Pitbull has dabbled in native video, but his posts are mostly links and reuploaded YouTube videos. In the past six months, they have also taken on a decidedly more corporate tone. He still shares clips of his “biggest inspirations” along with photos captioned “Don’t talk about it, be about it” and “Patience, Passion and Perseverance,” but they’re sandwiched between an ever-increasing number of promotional messages like, “Only 7 days until #DALE and today starts Amazon.com enter-to-win” and “Join us now as we drop a 64 hour commercial free Mega-Mix weekend with the Globalization DJs on SiriusXM Radio CH4. It's now to Sunday night, DALE!”

The posts still have that Pitbull energy and copious use of the word “dale,” but it’s beginning to feel like Pitbull’s hustle has faded, at least on Facebook. Maybe in order to make history in 2015 Pitbull has finally had to hire a social media manager.

BuzzFeed – Tech

10% Of All Internet Phone Calls Now Happen Through Facebook

The company is getting huge in areas outside its core social network. Each day its apps are responsible for 45 billion messages, and 4 billion video views.

Facebook is a social network. And a messaging service. And a collaboration tool. And a video player. And a phone.

The company, which has long described itself as a cluster of various apps related to social interaction, released a set of numbers of Wednesday that show just how dominant it is becoming in these new areas.

More than a social network, Facebook now looks like a communication conglomerate, and one that is quickly dominating more aspects of our daily lives.

Eric Risberg / AP


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BuzzFeed – Tech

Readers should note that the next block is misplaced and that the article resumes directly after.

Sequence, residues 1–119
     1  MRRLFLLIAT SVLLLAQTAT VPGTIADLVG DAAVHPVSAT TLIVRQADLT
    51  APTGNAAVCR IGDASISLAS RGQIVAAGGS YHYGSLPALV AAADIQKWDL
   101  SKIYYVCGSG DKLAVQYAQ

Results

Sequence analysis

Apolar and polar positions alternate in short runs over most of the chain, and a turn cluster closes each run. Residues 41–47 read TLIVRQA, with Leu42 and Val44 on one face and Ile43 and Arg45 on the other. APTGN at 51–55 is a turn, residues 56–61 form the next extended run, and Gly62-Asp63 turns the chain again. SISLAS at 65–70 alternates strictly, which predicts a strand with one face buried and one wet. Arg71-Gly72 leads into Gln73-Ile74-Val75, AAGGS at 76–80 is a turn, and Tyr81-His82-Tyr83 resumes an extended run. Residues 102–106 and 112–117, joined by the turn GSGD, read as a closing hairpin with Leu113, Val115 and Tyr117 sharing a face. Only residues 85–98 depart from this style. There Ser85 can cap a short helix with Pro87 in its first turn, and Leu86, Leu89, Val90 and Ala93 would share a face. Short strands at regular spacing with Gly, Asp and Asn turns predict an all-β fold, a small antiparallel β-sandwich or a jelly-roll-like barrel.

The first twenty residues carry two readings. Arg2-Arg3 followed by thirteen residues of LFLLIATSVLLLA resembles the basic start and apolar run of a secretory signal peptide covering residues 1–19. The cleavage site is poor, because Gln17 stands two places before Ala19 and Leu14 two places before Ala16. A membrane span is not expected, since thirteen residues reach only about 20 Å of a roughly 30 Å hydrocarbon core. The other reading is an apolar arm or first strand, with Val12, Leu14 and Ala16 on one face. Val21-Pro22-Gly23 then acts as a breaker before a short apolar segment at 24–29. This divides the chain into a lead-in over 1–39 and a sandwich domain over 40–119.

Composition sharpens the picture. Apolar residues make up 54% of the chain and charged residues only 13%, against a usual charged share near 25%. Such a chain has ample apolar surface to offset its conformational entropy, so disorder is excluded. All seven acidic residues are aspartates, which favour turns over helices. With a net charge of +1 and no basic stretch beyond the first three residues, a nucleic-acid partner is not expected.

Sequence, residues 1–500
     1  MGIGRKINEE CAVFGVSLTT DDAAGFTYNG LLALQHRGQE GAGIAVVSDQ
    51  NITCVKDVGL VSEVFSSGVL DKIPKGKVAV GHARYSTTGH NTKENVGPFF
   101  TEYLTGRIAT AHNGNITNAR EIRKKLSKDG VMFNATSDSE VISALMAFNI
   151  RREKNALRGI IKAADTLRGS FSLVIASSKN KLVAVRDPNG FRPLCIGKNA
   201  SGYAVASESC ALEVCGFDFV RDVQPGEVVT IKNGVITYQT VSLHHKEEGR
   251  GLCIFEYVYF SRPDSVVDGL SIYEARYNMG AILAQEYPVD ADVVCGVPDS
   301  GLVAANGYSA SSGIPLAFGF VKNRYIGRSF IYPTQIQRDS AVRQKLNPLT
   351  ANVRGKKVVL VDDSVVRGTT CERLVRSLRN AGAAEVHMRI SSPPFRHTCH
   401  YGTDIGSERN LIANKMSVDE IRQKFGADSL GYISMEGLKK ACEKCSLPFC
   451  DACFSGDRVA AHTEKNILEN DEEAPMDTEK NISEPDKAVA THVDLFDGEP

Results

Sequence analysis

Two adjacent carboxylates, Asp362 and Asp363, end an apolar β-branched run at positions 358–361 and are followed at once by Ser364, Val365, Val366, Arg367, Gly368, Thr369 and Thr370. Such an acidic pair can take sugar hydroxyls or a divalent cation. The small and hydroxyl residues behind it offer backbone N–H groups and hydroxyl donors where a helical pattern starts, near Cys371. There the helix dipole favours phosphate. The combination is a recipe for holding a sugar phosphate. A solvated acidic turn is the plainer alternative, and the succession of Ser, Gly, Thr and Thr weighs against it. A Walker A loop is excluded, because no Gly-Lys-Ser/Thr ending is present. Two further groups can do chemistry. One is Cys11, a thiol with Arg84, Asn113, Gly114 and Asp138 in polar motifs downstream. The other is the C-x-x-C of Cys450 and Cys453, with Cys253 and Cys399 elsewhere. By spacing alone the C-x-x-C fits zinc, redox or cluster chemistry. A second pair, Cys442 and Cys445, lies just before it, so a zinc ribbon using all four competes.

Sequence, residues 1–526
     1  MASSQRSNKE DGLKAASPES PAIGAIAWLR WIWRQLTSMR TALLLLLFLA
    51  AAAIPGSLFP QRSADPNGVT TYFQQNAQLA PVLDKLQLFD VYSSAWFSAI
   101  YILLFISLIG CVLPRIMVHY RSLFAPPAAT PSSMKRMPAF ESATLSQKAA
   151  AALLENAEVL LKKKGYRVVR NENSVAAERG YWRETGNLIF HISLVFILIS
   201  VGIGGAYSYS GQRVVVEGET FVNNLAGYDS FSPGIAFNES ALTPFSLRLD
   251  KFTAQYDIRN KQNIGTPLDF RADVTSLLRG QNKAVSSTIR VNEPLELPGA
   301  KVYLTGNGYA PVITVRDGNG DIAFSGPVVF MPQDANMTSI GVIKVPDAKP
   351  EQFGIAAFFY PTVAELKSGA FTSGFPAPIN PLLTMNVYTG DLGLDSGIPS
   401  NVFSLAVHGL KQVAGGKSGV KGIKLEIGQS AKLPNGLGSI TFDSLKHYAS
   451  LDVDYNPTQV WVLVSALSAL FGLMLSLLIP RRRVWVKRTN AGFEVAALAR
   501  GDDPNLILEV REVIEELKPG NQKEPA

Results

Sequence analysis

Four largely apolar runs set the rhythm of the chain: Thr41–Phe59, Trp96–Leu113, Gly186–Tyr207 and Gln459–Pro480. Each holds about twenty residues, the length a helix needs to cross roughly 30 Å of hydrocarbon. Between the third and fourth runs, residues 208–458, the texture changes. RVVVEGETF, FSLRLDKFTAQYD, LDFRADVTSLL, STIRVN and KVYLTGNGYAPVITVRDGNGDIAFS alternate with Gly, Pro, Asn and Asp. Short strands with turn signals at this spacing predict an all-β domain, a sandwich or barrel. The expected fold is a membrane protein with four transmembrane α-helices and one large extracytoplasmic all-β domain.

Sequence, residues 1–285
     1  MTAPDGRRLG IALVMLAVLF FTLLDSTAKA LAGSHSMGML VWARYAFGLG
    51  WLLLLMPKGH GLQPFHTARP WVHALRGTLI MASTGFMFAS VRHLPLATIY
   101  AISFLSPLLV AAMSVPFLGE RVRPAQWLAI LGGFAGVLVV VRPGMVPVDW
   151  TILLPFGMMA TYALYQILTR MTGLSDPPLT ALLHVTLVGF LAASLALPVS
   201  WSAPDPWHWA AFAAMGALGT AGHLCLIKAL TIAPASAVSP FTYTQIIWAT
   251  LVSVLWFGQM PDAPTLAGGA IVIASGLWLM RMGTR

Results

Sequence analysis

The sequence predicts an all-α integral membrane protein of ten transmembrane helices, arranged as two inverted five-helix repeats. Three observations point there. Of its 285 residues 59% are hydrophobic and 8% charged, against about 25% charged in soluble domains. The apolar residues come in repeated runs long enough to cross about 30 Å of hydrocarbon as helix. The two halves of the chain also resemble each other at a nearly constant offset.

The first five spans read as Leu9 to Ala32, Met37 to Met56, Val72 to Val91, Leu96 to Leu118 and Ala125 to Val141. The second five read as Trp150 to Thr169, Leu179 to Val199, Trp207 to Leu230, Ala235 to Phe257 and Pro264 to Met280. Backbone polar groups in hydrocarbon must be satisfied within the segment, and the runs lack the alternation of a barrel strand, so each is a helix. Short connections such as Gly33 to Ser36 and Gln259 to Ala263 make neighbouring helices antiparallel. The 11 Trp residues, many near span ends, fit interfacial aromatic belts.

Facebook May Host News Sites' Content

Facebook May Host News Sites' Content
When readers click on an article, an array of tracking tools allow the host site to collect valuable information on who they are, how often they visit and what else they have done on the web. That data might instead go to Facebook, which like many …
Read more on New York Times

Why Your Choice Of Web Hosting Provider Really Matters
With all the various web hosting providers out there it can be a difficult decision to know what web hosts to choose and what to look for. I feel this is one of the most important decisions that your business can make and deserves a look into what to …
Read more on Gazette Inquirer

Facebook Is Still Figuring Out What Makes A Good Video

In the past year, Facebook has made a huge push to get video into your news feed. That’s given both content creators — and advertisers — a new way to reach Facebook’s 1.35 billion users.

Dado Ruvic / Reuters

Facebook is still figuring out what a good video is supposed to look like — and in the process, it could give businesses and brands a new avenue to reach its 1.35 billion users organically once again.